In an earlier post concerning my winter swim in the ocean, I mentioned that the water was somewhat chilly but that the swim was glorious. Of course, I used some poetic license to emphasise the water’s temperature. My mother decided to write me an email to point out that the water in these parts was 18.1 degrees and that such a temperature is not so cold. I am not sure where my mother found such a statistic, for today I went for another swim. This time I was in the water, swimming laps in the ocean baths, for about 20 minutes. And the temperature: 15 degrees. This was obtained by simply putting a thermometer in the water (as the lifeguard does each day).
I have always marvelled at the old fogeys, who manage to swim throughout winter in these parts, even in water that would make a normal person blue with cold and suffering the effects of the cold on motor control. I speculated that perhaps such people had begun to lose the function of some nerves, so that they lost feeling to some extent. I wondered whether the many experiences of life made what once seemed like extremes into rather normal events.
Today, 9 August 2015, I decided to go for a swim in the ocean. This is the last month of winter in these parts, with chilly nights and fresh days. The water still has its winter feel. Down on the beach, I was the only person headed for the water. The few others present were rugged up, seeking to find some quiet on a winter’s afternoon by the water – albeit only for a look and the touch of the biting wind.
As I strode towards the water, I expected a brass-monkey and breath-taking dip, for perhaps a few seconds. Instead, it was glorious! I dove under waves, caught a few, sensed once again the salt water on my skin. Eventually, I came out of the water and went to change. I felt as though I was glowing.
Mao the monk? It may well have been the path he chose in life. Zhang Kundi, a young friend of Mao, tells of a 1917 hike in the mountains in Hunan, with regular swims in the Xiang River due to the heat. On the top of Zhaoshan (Zhao Mountain) was a monastery with two or three monks. The young friends were offered a bed for the night – one bed for all of them. But they stayed up and talked long into the night. At one point, Zhang Kundi relates:
Moved by the clear night, Mr. Peng told us about his long-cherished desire to be a monk and also said that, some years later, he would invite all of us to come and study on some famous mountain. Mr. Mao and I also have such a desire, but Mao’s desire is much stronger than mine. I, too, was moved at that time, and the lines came to me:
Wind blowing in the trees, music of the heavens
Desires and rewards cannot be perceived, and shed their forms
But I did not reveal them to my friends. It was deep night before we slept.
(Revolutionary Writings 1912-1949, vol 1. pp. 138-39)
Whoever uses an air conditioner is a wimp. As the real heat-waves of summer are upon us, many people in these parts flee indoors and turn on the air conditioner. At home, at work, in a car – wherever you happen to be, an air conditioner is available.
But then you miss the glorious feel of summer. The sting of the sun at noon, the smell of air that has been baked, the sweat that cleans out your pores, the indescribable feel of lying in bed naked at night, floating on the heat and drifting off to sleep. Nothing beats the sensation of going for a run or a ride on a 40 degree day. And if you spend all day blasted by an air conditioner, how can you appreciate the sea on a hot evening?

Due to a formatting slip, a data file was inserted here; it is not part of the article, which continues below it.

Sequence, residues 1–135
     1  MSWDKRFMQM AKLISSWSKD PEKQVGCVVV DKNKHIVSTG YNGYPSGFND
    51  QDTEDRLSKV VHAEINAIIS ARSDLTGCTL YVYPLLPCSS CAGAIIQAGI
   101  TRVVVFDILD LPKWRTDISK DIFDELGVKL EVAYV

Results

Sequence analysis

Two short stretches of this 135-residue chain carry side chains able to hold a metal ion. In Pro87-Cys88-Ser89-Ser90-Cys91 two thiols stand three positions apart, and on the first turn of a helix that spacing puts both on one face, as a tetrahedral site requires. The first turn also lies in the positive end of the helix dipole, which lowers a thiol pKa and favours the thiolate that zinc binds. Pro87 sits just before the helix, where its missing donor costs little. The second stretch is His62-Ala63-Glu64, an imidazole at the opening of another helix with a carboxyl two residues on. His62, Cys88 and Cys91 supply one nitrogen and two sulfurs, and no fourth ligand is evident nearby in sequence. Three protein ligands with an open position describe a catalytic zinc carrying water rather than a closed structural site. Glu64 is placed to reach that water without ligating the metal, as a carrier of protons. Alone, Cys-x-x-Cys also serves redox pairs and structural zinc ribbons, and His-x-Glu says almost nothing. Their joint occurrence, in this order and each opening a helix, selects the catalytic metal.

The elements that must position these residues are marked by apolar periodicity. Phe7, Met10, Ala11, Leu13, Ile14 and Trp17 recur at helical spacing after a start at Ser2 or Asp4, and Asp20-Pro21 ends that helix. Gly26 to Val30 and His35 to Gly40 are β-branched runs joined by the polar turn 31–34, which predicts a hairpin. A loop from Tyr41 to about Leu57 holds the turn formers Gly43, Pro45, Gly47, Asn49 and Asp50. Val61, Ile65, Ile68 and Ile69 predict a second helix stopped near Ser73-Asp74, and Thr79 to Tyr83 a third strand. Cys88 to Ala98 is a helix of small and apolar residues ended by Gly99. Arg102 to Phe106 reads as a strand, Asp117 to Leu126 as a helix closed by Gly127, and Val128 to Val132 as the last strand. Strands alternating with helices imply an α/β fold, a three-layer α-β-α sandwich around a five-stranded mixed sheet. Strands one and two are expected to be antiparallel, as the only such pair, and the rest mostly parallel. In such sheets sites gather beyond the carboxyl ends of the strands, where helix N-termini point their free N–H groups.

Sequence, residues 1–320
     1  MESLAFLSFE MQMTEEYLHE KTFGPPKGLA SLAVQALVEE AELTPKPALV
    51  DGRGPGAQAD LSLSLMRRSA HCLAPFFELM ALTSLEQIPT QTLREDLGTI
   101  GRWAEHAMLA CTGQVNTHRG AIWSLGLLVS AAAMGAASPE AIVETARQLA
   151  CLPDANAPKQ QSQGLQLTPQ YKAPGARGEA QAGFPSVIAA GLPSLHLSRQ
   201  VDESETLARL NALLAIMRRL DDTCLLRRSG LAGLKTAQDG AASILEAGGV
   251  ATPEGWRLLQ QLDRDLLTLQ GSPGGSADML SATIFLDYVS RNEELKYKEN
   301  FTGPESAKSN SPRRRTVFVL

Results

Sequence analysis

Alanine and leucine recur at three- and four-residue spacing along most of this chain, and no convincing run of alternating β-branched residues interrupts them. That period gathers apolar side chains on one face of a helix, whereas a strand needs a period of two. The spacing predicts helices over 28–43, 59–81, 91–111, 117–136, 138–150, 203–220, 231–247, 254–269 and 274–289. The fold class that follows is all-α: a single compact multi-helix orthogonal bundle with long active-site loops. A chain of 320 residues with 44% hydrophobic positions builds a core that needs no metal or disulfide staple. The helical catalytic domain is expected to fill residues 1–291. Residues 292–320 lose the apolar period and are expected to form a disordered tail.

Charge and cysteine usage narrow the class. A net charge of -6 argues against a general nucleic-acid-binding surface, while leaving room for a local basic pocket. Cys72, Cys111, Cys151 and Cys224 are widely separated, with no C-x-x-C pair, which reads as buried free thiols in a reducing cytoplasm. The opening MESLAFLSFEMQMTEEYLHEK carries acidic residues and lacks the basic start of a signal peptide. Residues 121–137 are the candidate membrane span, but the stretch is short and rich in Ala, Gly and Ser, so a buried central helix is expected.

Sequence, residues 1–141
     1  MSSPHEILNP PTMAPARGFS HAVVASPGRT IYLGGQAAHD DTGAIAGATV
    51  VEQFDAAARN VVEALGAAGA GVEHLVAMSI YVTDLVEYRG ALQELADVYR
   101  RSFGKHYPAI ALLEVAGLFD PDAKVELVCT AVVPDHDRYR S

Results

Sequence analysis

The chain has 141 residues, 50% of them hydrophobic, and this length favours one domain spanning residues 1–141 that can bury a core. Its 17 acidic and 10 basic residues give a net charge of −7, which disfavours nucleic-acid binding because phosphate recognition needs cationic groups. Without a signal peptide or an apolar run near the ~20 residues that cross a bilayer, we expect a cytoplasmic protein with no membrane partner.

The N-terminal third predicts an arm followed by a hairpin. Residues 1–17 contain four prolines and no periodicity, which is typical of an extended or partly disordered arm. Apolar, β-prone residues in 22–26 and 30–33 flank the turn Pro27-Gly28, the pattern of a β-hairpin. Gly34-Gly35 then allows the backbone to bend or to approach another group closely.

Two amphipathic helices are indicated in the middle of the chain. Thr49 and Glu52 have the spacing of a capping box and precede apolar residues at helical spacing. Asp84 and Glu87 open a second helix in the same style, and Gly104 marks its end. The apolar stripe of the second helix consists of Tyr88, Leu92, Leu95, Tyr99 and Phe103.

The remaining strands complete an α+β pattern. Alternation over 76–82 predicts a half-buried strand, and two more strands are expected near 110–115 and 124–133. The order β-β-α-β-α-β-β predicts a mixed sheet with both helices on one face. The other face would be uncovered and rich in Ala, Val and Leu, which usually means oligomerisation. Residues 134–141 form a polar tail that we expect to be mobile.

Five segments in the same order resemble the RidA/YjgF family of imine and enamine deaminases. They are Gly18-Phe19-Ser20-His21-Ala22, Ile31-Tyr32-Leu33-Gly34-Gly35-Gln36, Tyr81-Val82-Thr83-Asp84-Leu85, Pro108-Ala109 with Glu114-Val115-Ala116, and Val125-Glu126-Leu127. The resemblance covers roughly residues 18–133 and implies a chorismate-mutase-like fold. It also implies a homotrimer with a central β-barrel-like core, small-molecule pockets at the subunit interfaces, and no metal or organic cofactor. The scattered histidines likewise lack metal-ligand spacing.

What happens if the air conditioner breaks down, or if the button gets stuck on hot? Having lost the ability to enjoy the heat, let alone tolerate it, you’re stuffed.
‘Don’t swim after eating or you’ll get stomach cramps and drown.’
‘Wait an hour after eating before swimming’.
These and more are part of the common folklore, repeated ad nauseam to children in summer as they holiday by the beach. So the kids fidget and annoy each other before finally being allowed to swim again after what seems like an eternity. We have it from parents, teachers, and pretty much everyone.
It’s complete rubbish. You may as well say, don’t ride your bicycle after eating, or don’t run after eating, or don’t do anything energetic after eating. You might get a stomach cramp and crash your bike, trip over, or some other dire outcome. Actually, it is much like the myth of the common cold – that if you get a chill you might catch a cold. Like that myth, this one too is usually impervious to facts.
As for me, I have swum plenty of times on a full stomach. Not even a twitch in my gut when I do so.
The Norwegian University of Science and Technology has come up with an easy way to measure what they call your fitness age – without having to exhaust yourself on a treadmill (with the same result). They have put the calculator here.
For me, the vital statistics are:
How often do you exercise? Almost every day.
How long is your workout each time? 30 minutes or more.
How hard do your train? I go all out
What does your waistline measure in cm? 80
What is your resting pulse (per minute)? 46
Estimated fitness age: under 20!
Mao was in the habit of swimming across the Changjiang (or Yangtze River), especially in spring and summer. He also liked to swim across the Xiang River in his home province of Hunan. Every now and then his conversations were recorded, such as this one:
People say that the Changjiang is very big. In fact, something that is big is not formidable. You didn’t allow me to swim across, but now I have done it, haven’t I? Isn’t United States imperialism very big? But we stood up to it and so what? Therefore, some big things in the world are in fact not that formidable. (The Writings of Mao Zedong, vol 2, p. 676)
Not bad for a heavy smoker in his 60s.